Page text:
On ScienceFiction.com, we’ve talked a lot about how Bowie is the king of science fiction, but we’ve never actually touched on his one theatrical foray into the genre. That’s why it’s the subject of today’s Throwback Thursday, ScienceFiction.com’s column dedicated to great science fiction of the past.
Originally a novel about an alien creature (named Thomas Jerome Newton) who came to Earth in search of water because his planet is dying of thirst, ‘The Man who Fell to Earth’ was made into a move in 1973. The movie follows sort of the same premise, only there is a whole lot more naked David Bowie.
Got your attention there, did I? Well, if you want to see if the famous ‘Labyrinth’ bulge is real, check ‘The Man Who Fell to Earth’. Well, not really. It’s mostly waist up shots, and a fair amount of his backside to boot, but you can sort of get an idea what he might be packing down there.
If that isn’t your thing, than the movie may not be for you.
Okay, there’s more to it than that. Though sometimes it’s hard to see the tress for the naked David Bowie. In any case, it’s a movie that discusses the very real dangers of nuclear war (Thomas’ home planet, Anthea, is suffering a severe drought due to a nuclear war that left only 300 survivors), the problems of alcohol addiction, what it means to be alone, and the pull of personal gain over far away pressing needs (something I always saw as a comment on the lackluster start of the environmentalism movement). At least, those seem to be important to the movie. Really, it has pacing issues that make it drag on, and it’s filled with surreal images that distract rather than enlighten, so it tends to be a little difficult to grasp the meaning on the first viewing. (But then again, the first time I watched this, my Dad was in the room, and I had to get up and leave every time I felt embarrassed for the naked Bowie, so that may have colored my view on the matter).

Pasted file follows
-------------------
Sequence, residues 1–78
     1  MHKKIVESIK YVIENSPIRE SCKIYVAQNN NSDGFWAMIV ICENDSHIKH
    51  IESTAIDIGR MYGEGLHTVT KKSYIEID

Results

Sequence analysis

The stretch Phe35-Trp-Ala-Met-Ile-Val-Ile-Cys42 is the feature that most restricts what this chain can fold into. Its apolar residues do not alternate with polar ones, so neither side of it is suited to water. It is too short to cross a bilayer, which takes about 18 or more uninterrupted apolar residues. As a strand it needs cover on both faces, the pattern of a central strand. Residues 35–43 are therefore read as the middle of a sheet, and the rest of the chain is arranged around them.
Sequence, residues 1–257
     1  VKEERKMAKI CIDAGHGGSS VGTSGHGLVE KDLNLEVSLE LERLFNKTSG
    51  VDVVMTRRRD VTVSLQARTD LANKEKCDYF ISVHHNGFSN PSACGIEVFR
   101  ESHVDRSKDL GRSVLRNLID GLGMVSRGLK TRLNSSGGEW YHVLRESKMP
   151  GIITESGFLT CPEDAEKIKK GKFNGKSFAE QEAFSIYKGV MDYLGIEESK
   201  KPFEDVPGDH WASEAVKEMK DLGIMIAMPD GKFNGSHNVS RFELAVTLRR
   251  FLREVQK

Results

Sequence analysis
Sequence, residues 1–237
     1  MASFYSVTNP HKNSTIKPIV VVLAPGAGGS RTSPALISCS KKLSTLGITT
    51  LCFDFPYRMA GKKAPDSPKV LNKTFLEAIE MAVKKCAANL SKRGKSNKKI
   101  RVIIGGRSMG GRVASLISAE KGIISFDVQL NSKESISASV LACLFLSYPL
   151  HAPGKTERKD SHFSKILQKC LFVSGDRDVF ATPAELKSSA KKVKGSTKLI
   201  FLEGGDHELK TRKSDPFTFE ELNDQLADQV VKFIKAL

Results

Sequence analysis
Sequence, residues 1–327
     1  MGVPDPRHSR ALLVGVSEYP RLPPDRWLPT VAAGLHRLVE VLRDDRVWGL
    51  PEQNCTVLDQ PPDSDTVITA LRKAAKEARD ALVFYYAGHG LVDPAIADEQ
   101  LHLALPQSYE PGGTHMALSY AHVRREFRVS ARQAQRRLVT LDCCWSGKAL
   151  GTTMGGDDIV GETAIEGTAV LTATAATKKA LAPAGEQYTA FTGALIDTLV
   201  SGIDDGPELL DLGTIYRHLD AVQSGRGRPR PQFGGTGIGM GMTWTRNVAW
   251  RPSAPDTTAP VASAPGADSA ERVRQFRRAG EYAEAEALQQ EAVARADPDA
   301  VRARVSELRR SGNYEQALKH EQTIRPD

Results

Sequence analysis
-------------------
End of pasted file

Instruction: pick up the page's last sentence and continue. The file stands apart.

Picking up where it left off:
It’s a tragic movie, so if you’re looking for the hope of ‘Star Trek’ in your sci-fi, this is not the movie for you. However, if you want to unravel a deeply homesick movie about an alien who fails to save his family, or see a lot of David Bowie’s incredibly pale skin, then have at it! Enjoy!
For what it’s worth, there has been no sci-fi since that has interpreted the sci-fi genre the way ‘The Man Who Fell to Earth’ has, so it is a must-see on every sci-fi geeks list.